What This Week Could Have Been by Pete Dodd


As I reach the end of the week and look back it makes me feel ill. Everyone focused on Zoe Quinn and who she had sex with. That became the entire story. It should have been so much more.

To be clear, there is no evidence that Zoe had sex with anyone to curry favor. The incident did, however, create an opening to have a dialogue about how the gaming media has become insular and clique-ish. How there has been a giant "us vs them" mentality that makes little sense since "them" is their customers. Instead, people argued about Zoe Quinn. They argued about her based off of speculation. They argued in favor of her or against her because we have all been split up into different teams. There's us and there's them. The opportunity to have civil discourse was destroyed about two seconds after the window opened. The conversation should have never been about Zoe in the first place. 

Some good did come out of this below the screaming from both sides. The issue surrounding the ethics of contributing to game creators (typically in the form of Patreon) and then covering said person/game was called into question. Kotaku and Polygon, two of the biggest gaming sites on the internet, changed their policies surrounding this. There wasn't a grand conclusion met because the issue has many layers, but a dialogue did happen and there is now more transparency at both outlets. Some are mad at Kotaku, saying they went a step too far by banning their writers from contributing at all, and think that Polygon's decision to just make their writers disclose that they have contributed is fairer. I don't know what is the right answer there but that's why we need to have these conversations. Whether Kotaku went too far or not, what we have now is two major websites that are more transparent than they were before. This is a GOOD thing.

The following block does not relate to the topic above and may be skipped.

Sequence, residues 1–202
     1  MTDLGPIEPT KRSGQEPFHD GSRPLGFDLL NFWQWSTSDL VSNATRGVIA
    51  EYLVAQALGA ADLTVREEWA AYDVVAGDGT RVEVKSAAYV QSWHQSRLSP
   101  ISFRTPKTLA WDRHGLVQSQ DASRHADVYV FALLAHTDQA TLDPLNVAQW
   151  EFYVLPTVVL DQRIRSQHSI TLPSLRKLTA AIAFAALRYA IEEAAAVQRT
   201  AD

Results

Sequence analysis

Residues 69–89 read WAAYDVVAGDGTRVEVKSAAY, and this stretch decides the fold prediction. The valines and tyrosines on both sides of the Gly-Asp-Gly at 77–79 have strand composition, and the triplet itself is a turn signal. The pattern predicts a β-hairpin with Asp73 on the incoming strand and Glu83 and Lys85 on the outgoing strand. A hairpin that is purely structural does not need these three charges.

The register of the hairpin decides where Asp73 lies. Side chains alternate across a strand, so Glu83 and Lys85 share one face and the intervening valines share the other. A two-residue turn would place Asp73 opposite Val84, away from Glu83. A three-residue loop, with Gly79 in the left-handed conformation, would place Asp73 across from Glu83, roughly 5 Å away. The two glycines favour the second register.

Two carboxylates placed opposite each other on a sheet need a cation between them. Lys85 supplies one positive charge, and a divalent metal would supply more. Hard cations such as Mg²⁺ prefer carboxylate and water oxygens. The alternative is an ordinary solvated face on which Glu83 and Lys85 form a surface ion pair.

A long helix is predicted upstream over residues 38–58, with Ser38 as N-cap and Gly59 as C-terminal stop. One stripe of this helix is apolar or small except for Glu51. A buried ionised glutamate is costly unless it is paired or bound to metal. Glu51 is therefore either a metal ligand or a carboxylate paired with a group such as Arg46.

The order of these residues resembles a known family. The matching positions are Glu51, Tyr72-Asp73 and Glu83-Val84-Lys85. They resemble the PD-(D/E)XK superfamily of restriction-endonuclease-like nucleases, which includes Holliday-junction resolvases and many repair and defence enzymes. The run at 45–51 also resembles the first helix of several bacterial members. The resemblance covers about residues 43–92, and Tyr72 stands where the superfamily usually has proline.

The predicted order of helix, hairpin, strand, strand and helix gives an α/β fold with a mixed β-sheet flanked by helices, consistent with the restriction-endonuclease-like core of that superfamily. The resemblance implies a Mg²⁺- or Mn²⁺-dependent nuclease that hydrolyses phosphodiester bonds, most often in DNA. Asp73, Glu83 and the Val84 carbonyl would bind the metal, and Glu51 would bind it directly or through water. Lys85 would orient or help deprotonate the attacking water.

Imagine if the rest of this week went this way. If we saw Phil Fish do his Phil Fish thing and then saw that disgusting revenge blog from Zoe's ex-boyfriend and said "Ok, let's see if anything happened."  And then we went "Slightly suspicious but no actual proof; non-story." And then we went "but lets have a conversation about why a story like this is so believable."  Let's face it, if you are to take social media and forums of both "gamers" and "journalists" and aggregate what they are saying they basically hate each other. "Gamers" don't trust the media. The media think that "gamers" are vile, women-hating cretins. This isn't absolute, of course, but that is what the discourse has been. So instead of just sticking with that and screaming at each other, what if "gamers" and journalists had an honest conversation.